The Government is taking flak from both ends of the political spectrum over its dealings with billionaire Peter Thiel, with the New Zealand Initiative blasting its recent co-investment as "corporate welfare".

Eric Crampton, economist and head of research for pro-market think-tank NZI, had previously defended the government's granting of citizenship to Thiel who gained approval after appealing to then-Internal Affairs Minister Nathan Guy to waive requirements he live or intend to live here due to "exceptional circumstances".

Crampton said that decision was a "bet worth making at the time, and one that should not be regretted in retrospect".

However, following revelations Thiel exercised a buyout option in his partnership with the publicly-funded New Zealand Venture Investment Fund - a move that netted the Paypal founder $24m in profits while leaving NZVIF barely breaking even despite both parties bearing equal risk of loss - Crampton said going into business with Thiel was a gamble the Government should not have taken.


"The Government should not be involved in investment pump-priming activities," he said.

"Government economic diversification schemes, in which the government shares in the downside risk if the investment turns sour but only benefits on the upside through increased tax revenues from a successful business, are adventures best avoided," Crampton said.

Billionaire Peter Thiel makes fortune after 'sweetheart' deal with Government

Venture capitalist Lance Wiggs, who said NZVIF crowded-out private sector activity, welcomed the scrutiny being applied to the government's adventures in venture capital.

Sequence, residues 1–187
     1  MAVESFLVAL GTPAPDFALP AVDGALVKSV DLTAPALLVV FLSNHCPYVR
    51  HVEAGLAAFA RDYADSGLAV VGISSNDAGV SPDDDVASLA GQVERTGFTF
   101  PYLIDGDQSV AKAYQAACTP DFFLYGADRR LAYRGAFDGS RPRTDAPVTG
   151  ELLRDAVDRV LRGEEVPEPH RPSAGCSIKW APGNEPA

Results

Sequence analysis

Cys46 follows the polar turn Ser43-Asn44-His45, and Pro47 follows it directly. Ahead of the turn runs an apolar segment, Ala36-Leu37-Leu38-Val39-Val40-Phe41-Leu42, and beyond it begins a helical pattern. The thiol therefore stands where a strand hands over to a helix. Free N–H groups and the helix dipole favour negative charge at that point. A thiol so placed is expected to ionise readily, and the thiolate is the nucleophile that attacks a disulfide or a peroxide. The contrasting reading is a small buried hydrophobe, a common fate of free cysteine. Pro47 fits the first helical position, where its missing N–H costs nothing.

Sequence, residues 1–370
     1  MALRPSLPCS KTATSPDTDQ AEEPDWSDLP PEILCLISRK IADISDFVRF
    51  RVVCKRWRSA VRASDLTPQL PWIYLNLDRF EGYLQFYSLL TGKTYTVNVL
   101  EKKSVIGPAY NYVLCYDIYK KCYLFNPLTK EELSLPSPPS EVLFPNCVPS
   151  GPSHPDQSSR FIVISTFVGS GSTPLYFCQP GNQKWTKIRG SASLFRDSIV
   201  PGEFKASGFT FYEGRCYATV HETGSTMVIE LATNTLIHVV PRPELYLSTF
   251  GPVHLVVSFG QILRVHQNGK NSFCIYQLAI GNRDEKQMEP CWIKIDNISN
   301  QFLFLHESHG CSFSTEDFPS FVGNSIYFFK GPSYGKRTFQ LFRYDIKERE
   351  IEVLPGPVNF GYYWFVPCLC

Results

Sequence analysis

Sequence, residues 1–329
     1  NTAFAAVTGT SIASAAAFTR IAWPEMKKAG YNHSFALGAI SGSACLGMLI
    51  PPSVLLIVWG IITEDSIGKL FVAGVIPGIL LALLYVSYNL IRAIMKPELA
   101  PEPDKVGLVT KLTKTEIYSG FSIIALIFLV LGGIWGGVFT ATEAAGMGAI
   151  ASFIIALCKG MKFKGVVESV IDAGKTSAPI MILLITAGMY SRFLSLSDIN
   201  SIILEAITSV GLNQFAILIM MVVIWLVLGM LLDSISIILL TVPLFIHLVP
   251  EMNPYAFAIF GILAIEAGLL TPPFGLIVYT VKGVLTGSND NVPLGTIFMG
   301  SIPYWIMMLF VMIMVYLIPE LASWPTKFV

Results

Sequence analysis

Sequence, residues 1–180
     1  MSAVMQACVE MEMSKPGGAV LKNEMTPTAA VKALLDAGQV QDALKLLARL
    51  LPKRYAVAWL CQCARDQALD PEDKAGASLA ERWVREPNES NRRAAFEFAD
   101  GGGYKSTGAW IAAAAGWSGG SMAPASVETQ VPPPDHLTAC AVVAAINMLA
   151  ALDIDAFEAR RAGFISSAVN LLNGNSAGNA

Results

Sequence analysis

He said the buyout option used by Thiel to profit from stockpiling Xero shares was "a lousy clause. That's quite apparent".

"If you saw you could invest millions a listed company, and get that financed for free by the New Zealand government - why wouldn't you do that? I would've done the same. You can't fault Valar for being smart - but you can blame the NZVIF," he said.

The NZVIF has declined the opportunity to discuss the terms of its deal with Valar, citing commercial sensitivity.

Finance Minister Steven Joyce, whose previous tenure as Minister of Economic development covered the NZVIF during the entire period of the funds' operation and buyout, yesterday continued to blame Labour for Thiel's multi-million dollar payday.


The partnership between NZVIF and Valar was announced by Joyce in 2012 and bought out by Thiel last October. But Joyce said the buyout option had been a feature of the NZVIF's formation in 2002 by the fifth Labour Government until he had requested it cease being used in 2015.

"We've subsequently changed it, but it was done by the government at the time and it worked exactly as they intended it to," Joyce said.

Labour Party's immigration spokesman Iain Lees Galloway has previously labelled the arrangement a "sweetheart deal" for Thiel overseen by Joyce.

Crampton called on the political finger-pointing to end.

"It would be nice if National and Labour stopped trying to blame each other for this particular deal and instead came to common agreement on ending corporate welfare," he said.